Triclosan: is an antibacterial andantifungal agent. Despite being used in many consumer products, beyond its use in toothpaste to prevent gingivitis, there is no evidence according to the American Food and Drug Administration (FDA) that triclosan provides an extra benefit to health in other consumer products.

Triple bottom line / quadruple (noun): captures an expanded spectrum of values and criteria for measuring organizational (and societal) success: economic, ecological and social (profit, planet, and people). With the ratification of the United Nations and ICLEI TBL standard for urban and community accounting in early 2007, this became the dominant approach to public sector full cost accounting. Similar UN standards apply to natural capital and human capital measurement to assist in measurements required by TBL, e.g. the ecoBudget standard for reporting ecological footprint.

Upcycle (verb): is the process of converting waste materials or useless products into new materials or products of better quality or a higher environmental value.

USDA(United States Department of Agriculture): the United States federal executive department responsible for developing and executing U.S. federal government policy onfarmingagriculture, and food. It aims to meet the needs of farmers and ranchers, promote agricultural trade and production, work to assure food safety, protect natural resources, foster rural communities and end hunger in the United States and abroad. It also certifies organic agriculture products.

USDA Certified Organic: Label given to food products that meet the requirements set by the National Organic Program (NOP).  To receive the certifying label, at least 95% of the ingredients must be organic. 

Vegan (noun): a vegetarian who does not consume or use products that have been derived from animals, including eggs, milk, and all other products that are derived from animals. 

Vegetarian (noun): a person who does not eat meat, and sometimes other animal products, esp. for moral, religious, or health reasons. 

Vintage (noun): the year or place in which wine, esp. wine of high quality, was produced. the grapes or wine produced in a particular season. The time that something of quality was produced. (adj) Of, relating to, or denoting wine of high quality. denoting something of high quality, esp. something from the past or characteristic of the best period of a person's work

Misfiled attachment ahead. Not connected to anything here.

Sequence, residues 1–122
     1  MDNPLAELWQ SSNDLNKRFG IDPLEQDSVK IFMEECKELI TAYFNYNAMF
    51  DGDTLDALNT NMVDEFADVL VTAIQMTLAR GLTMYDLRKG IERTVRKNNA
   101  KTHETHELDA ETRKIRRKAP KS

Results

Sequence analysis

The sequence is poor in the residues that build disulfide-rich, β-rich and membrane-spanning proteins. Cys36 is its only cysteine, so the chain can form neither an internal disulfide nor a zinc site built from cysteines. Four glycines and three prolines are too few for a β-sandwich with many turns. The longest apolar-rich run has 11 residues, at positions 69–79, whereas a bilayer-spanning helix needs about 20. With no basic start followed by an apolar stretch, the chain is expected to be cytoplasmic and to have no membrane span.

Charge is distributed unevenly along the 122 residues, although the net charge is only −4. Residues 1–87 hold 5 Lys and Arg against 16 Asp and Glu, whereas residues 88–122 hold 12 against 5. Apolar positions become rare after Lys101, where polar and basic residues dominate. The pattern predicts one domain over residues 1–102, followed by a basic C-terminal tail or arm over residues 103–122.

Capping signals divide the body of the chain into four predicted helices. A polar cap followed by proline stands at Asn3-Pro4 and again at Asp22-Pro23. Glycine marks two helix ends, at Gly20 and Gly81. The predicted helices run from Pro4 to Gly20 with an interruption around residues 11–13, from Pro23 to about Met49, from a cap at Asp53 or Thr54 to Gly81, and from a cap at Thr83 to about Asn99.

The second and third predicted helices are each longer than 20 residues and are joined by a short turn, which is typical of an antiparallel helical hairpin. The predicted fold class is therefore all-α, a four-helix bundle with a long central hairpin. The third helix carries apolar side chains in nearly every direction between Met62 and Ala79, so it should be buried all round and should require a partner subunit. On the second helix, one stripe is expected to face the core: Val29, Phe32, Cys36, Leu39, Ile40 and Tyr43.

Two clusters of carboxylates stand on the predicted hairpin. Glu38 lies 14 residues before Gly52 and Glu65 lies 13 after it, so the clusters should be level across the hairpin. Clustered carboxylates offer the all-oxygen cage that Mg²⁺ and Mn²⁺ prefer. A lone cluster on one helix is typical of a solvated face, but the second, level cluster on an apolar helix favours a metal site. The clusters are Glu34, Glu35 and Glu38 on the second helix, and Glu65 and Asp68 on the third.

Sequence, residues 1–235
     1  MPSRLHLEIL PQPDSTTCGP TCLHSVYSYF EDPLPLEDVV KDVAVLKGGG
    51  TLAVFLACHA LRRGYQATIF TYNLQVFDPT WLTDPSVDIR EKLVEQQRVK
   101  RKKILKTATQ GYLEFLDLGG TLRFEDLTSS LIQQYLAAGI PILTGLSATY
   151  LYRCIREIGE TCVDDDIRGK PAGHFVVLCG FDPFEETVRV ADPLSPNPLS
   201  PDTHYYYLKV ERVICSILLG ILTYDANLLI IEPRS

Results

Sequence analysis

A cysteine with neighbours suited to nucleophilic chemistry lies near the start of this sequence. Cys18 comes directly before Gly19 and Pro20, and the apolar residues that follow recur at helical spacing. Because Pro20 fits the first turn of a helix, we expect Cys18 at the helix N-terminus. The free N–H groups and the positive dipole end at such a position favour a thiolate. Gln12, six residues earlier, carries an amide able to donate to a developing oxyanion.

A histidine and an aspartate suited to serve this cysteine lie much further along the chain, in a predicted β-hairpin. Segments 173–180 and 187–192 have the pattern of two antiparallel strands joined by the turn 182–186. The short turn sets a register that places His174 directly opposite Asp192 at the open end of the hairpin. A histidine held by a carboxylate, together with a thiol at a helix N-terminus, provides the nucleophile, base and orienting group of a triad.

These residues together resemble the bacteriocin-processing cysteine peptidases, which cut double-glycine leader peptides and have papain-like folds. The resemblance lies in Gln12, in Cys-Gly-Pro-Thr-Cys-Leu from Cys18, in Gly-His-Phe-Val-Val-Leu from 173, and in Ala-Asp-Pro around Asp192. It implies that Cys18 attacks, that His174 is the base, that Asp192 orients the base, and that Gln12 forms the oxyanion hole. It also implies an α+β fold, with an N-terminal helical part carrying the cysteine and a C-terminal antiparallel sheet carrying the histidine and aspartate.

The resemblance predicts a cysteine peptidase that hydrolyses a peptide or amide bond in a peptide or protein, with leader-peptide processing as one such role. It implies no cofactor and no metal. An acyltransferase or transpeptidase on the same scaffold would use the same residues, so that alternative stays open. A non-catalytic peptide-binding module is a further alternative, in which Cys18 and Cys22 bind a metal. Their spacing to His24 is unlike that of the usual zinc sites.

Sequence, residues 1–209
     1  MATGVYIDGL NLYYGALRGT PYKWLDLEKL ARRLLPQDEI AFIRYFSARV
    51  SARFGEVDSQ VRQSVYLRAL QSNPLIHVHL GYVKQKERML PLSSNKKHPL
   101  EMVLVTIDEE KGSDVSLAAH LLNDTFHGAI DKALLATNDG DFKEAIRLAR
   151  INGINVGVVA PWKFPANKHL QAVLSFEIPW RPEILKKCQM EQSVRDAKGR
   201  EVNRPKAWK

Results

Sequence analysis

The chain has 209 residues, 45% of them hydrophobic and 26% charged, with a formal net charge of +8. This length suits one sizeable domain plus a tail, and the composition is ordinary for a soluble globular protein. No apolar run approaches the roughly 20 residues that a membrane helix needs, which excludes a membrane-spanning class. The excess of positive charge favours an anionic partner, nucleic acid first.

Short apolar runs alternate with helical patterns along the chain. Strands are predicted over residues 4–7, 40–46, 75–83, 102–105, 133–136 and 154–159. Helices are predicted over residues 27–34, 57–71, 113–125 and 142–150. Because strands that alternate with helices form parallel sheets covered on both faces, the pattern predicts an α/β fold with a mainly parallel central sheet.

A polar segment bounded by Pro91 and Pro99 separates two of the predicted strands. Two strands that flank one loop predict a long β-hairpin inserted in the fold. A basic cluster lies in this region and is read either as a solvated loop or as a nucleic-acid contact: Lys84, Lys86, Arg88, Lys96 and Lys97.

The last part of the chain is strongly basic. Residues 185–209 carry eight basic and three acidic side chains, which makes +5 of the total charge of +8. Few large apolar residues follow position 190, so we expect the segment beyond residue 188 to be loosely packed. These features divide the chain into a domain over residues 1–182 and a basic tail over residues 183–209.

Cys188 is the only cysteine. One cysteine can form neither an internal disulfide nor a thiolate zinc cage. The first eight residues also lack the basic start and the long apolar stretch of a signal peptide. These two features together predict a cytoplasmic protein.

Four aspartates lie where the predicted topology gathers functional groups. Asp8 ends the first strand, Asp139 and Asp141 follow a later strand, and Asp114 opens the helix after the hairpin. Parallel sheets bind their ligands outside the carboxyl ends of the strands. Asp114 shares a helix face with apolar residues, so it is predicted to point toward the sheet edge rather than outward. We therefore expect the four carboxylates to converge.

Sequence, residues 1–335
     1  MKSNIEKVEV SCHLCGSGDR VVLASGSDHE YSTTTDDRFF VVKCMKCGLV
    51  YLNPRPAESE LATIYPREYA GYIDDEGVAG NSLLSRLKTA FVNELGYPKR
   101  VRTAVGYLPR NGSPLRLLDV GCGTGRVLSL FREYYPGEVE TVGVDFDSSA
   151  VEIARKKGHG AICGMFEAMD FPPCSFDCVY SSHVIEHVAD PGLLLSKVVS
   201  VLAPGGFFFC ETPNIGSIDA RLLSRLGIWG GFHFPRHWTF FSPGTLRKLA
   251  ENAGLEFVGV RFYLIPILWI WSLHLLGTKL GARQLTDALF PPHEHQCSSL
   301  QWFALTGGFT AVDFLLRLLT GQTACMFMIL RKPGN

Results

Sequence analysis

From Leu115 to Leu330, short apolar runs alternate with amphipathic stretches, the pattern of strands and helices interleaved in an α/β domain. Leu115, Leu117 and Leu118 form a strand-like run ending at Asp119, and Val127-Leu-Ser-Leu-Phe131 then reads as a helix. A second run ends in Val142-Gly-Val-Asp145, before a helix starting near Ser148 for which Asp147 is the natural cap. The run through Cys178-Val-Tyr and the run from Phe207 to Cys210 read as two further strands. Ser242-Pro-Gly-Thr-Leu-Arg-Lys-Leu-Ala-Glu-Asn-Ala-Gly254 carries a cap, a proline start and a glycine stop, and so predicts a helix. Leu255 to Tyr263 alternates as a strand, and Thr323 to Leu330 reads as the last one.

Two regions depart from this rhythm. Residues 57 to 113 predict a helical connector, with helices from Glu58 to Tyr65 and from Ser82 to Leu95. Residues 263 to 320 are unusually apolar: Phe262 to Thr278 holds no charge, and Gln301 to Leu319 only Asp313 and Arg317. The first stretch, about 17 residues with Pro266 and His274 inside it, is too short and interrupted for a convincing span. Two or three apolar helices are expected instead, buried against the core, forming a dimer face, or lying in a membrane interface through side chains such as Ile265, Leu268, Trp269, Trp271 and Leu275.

Virgin(adj): not yet used exploited or touched, (olive oil) made from the first pressing of olives.

VOCs (Volatile Organic Compounds): organic chemicals that have a high vapor pressure at ordinary, room-temperature conditions. Their high vapor pressure results from a low boiling point, which causes large numbers of molecules to evaporate from the liquid or solid form of the compound and enter the surrounding air. An example is formaldehyde, which slowly exits paint and gets into the air. Many VOCs are dangerous to human health or cause harm to the environment. VOCs are numerous, varied, and ubiquitous. They include both man-made and naturally occurring chemical compounds. Anthropogenic VOCs are regulated by law, especially indoors, where concentrations are the highest. VOCs are typically not acutely toxic, but instead have compounding long-term health effects. Because the concentrations are usually low and the symptoms slow to develop, research into VOCs and their effects is difficult. They are known to be found in paint, fabrics, finishes, foams, stains, and more industrial products.

Waste-to-Energy: the burning of combustion of waste in a controlled-environment incinerator to generate a usable form of steam, heat, or electricity.

Wind power: the conversion of wind energy into a useful form of energy, such as using wind turbines to make electricity, windmills for mechanical power, windpumps for water pumping or drainage or sails to propel ships. Wind power renewable, widely distributed, clean, and produces no greenhouse gas emissions during operation. A large wind farmmay consist of several hundred individual wind turbines which are connected to the electric power transmission network. At the end of 2010, worldwide nameplate capacity of wind-powered generators was 197 gigawatts (GW). Energy production was 430 TWh, which is about 2.5% of worldwide electricity usage. Several countries have achieved relatively high levels of wind power penetration, such as 21% of stationary electricity production in Denmark, 18% in Portugal, 16% in Spain, 14% in Ireland and 9% in Germany in 2010. As of 2011, 83 countries around the world are using wind power on a commercial basis.

Xeric (noun): containing little moisture; very dry.

Xeriscaping (noun): landscaping that incorporates native species and plants that are not water intensive.

Glossary continues...

© 2019 by Erin Schrode - About ErinContact